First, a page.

13 Everyday Products That Are Ruining Your Skin

There are countless skin care products available on the market (with more and more being launched every day) that promise to treat, heal, and “fix” any pesky skin problem you may be dealing with. Whether your top concern is acne, anti-aging, redness, or discoloration, there’s something out there for you.

The only problem? Everyone’s skin and the way it reacts is different. Plus, so many products contain artificial fragrances, artificial coloring, and preservatives, which can all cause contact allergies or reactions that occur when your skin is exposed to an allergen or irritant.

“Many household items are not designed with skin health in mind, especially if they aren’t made for use on the complexion,” Dr. Joel Schlessinger, a board certified dermatologist and RealSelf contributor, said in an interview with The Cheat Sheet. “Even products that are designed for skin can cause problems if used incorrectly.”

To help you lower your risk of irritation, we asked top dermatologists to share their list of products to avoid (or ones to at least be choosy with!).

1. Receipts

shopping receipt

You might want to pass on the shopping receipt. | iStock.com

Yes, we’re serious. A 2014 study from the University of Missouri found that touching cash register receipts can increase your body’s absorption of BPA, a chemical also used in some plastic bottles that’s been linked to several health concerns, including diabetes, heart disease, and cancer. “Some have suggested that BPA can also cause skin irritation and sensitivity, but this has not been scientifically proven,” Schlessinger said. The study specifically found that thermal receipts, often used in restaurants, can lead to BPA absorption through the skin and BPA contamination as the chemical is passed from fingers to food.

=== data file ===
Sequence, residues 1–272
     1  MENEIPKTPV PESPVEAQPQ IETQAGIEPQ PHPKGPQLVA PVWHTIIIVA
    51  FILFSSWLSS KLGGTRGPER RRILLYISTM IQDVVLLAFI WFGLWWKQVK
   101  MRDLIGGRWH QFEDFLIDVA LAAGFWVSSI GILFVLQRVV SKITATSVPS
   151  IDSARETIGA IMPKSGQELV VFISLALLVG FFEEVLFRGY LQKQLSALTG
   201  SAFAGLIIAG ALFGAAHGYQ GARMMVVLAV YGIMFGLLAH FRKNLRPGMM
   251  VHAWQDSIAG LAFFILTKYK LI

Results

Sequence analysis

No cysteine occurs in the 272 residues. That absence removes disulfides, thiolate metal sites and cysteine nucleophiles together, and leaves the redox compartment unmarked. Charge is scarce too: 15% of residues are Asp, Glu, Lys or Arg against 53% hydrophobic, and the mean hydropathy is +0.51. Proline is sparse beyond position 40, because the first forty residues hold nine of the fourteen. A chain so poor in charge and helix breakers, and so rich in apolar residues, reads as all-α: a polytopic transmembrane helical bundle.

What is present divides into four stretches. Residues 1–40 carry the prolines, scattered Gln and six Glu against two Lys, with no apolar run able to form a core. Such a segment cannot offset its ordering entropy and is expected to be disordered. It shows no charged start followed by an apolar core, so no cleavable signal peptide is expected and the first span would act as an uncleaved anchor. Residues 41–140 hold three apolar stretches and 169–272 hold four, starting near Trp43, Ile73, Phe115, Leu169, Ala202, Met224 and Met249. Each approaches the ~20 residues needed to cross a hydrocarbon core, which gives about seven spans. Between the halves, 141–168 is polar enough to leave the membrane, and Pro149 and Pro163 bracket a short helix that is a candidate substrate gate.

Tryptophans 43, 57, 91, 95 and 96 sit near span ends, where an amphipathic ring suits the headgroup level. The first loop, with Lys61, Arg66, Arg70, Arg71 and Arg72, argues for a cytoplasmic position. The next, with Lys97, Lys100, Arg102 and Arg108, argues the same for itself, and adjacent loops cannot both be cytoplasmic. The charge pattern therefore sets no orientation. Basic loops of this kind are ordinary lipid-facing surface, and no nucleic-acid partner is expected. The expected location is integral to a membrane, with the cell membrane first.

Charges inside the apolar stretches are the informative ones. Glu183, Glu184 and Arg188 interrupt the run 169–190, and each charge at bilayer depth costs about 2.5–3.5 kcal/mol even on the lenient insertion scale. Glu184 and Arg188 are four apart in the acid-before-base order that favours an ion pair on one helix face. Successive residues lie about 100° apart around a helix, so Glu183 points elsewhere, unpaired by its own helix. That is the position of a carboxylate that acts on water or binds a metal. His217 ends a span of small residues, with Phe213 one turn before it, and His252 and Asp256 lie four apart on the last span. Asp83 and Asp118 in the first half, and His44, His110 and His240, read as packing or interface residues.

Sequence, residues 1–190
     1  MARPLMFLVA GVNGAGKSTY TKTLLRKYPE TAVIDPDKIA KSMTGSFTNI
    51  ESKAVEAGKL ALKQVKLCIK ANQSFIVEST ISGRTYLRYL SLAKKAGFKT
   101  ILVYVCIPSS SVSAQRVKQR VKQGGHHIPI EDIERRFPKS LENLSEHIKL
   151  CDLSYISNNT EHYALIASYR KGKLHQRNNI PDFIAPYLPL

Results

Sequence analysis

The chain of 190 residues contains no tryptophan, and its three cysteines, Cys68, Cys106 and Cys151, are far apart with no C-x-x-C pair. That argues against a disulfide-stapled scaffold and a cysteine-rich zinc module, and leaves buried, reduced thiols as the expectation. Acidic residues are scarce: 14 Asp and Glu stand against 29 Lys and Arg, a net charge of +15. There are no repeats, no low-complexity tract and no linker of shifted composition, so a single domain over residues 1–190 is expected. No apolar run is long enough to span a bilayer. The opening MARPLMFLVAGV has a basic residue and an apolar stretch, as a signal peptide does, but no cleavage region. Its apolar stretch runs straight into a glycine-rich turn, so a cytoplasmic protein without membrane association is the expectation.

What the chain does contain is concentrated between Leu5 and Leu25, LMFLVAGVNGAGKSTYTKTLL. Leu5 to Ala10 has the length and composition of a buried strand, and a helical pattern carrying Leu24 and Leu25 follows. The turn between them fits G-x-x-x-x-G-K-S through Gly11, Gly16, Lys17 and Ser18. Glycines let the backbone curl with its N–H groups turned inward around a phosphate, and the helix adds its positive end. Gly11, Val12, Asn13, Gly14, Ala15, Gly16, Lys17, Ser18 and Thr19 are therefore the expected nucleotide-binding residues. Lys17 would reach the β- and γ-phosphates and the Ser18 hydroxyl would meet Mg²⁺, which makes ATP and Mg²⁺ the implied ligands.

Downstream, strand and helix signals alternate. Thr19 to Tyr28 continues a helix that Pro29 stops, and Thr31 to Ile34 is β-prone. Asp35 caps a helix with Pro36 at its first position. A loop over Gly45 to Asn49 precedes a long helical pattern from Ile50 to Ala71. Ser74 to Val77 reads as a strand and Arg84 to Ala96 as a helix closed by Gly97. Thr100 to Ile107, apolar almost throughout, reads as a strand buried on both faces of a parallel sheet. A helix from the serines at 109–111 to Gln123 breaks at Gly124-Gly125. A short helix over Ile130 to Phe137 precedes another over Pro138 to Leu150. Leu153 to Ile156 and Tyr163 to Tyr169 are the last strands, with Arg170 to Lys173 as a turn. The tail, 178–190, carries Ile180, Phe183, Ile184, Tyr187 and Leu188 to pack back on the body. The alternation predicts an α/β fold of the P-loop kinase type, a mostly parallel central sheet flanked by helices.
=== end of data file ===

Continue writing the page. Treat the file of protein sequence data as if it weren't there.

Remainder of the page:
Not all stores use thermal paper for their receipts, but if you’re unsure, the best way to avoid BPA is to either decline a receipt, if possible, or opt for an electronic receipt to be emailed to you.

2. Laundry detergent

Female Hand Pouring Detergent In The Blue Bottle Cap

Laundry detergent may do more harm than you think. | iStock.com/AndreyPopov

Those fragrances and dyes added to your laundry detergents and fabric softeners to make them smell and look enticing can unfortunately cause serious skin irritation. “While laundry detergents aren’t an issue for everyone, they can cause problems for those with sensitive skin, particularly babies,” said Schlessinger. “Look for products that are scent-free or fragrance-free and dye-free and try and stick with the same detergent instead of buying whatever’s on sale that week.”

In addition, rinsing clothing twice can help ensure all the detergent is washed out of clothing before it reaches your skin, he told us. And when purchasing new clothing, always wash it before wearing it. You never know what it’s come in contact with at the factory or store before you purchased it, so it’s better to be safe than sorry.

3. Cleaning products

House cleaning product

Always wear gloves when using powerful house cleaning products. | iStock.com/Tatomm

While they’re created to help disinfect and clean our homes, most of these products are made with pretty powerful ingredients — including some chemicals — that can cause unwanted skin reactions.

“From chemicals to added fragrances, there are a number of things that could cause irritation to your skin,” Schlessinger said.